WASHINGTON, D.C. — At the Federal Trade Commission’s request, a federal court has ordered a Canadian telemarketer and his four companies to pay more than $5.1 million to American and Canadian consumers who were duped into paying hundreds of dollars on false claims made by the defendants. Victims were told the defendants had buyers lined up for their cars, and that refunds would be provided if the cars weren’t sold. The court also permanently banned the defendants from telemarketing and payment processing.
According to the FTC’s complaint against Matthew J. Loewen and his companies, the telemarketer and his firms called consumers who listed vehicles for sale on websites such as Craigslist or eBay. In exchange for a fee, typically $399, the defendants claimed that they would put the consumer in touch with a buyer, often telling victims they had undervalued the vehicle and that the price the buyer was willing to pay would cover the defendants’ fee. The defendants also offered $99 “refund insurance,” which falsely promised sellers a risk-free refund of their initial fee if the vehicle was not sold in 90 days.
On Oct. 29, 2013, the U.S. District Court for the Western District of Washington found the FTC’s allegations to be true and ruled that the defendants’ telemarketing operation violated the FTC Act and the FTC’s Telemarketing Sales Rule. According to the ruling, the defendants’ promises made to victims were “simply false,” and the impression they conveyed of easily obtainable refunds was “decidedly deceptive.”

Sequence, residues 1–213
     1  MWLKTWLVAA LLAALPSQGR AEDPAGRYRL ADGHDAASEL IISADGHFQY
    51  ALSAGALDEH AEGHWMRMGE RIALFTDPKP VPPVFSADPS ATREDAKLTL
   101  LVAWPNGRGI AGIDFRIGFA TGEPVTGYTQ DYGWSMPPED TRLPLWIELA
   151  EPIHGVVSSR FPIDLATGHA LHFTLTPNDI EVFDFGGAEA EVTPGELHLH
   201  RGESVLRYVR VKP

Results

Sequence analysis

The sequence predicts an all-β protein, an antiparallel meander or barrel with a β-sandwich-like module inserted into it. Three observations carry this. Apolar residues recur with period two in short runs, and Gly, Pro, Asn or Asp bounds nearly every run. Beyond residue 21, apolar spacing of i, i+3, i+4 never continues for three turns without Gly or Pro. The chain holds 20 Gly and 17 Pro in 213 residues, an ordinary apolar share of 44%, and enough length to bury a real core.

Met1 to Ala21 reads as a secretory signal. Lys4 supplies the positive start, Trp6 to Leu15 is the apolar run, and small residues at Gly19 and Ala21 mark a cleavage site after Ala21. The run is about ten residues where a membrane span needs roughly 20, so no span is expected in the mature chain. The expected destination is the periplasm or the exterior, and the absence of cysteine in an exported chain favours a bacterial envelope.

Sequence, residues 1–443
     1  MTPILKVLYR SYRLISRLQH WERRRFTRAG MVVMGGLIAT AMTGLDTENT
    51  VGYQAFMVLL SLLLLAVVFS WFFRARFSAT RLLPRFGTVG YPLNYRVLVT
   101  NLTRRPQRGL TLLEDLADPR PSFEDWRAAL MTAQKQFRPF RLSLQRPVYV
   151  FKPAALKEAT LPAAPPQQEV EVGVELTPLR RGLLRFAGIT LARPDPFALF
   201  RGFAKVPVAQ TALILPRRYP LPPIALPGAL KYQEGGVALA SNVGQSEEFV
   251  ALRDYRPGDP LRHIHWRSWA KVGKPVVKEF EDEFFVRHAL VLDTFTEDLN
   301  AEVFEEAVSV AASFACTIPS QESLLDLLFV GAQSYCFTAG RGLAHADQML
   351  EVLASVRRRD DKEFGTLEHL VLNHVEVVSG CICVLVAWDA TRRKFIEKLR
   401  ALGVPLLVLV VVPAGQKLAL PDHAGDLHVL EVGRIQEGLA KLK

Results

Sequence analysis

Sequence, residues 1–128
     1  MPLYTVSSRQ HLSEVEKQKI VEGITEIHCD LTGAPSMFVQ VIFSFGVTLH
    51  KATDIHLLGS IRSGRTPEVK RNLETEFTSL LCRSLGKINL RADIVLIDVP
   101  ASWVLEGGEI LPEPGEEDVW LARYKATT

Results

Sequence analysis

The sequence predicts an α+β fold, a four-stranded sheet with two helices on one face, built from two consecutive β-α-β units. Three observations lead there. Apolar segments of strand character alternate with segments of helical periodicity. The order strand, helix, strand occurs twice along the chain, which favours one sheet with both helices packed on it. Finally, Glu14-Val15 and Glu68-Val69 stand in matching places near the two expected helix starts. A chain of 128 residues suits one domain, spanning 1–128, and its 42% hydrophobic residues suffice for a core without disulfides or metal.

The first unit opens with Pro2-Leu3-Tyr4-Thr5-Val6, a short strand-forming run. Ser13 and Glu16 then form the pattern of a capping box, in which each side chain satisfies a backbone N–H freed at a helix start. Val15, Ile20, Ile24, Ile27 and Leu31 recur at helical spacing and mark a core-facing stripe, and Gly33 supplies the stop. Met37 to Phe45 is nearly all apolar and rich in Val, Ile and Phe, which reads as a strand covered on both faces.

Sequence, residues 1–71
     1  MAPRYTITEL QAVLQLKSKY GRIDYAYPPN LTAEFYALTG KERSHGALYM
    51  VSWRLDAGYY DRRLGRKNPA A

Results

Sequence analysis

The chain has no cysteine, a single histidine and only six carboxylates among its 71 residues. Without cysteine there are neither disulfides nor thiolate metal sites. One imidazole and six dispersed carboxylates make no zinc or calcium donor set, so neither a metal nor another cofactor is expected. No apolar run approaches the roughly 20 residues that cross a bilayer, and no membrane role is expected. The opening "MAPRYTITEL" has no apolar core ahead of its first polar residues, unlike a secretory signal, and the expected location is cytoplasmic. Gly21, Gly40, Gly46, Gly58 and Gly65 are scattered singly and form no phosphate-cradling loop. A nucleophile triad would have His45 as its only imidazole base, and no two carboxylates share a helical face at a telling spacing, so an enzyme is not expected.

The court also noted that the defendants operated under a series of ever-changing corporate names (including Auto Marketing Group, Secure Auto Sales and Vehicle Stars) to evade detection. It also cited the defendants’ high rate of credit card chargebacks as further proof of the fraudulent nature of the defendants’ operation.
In addition to the ordering Loewen and his co-defendants to pay $5.1 million, the court permanently banned Loewen and his companies from telemarketing and payment processing. The order also bars the defendants from misrepresenting material facts about any goods or services, selling or otherwise benefitting from consumers’ personal information, failing to properly dispose of customer information and violating the Telemarketing Sales Rule.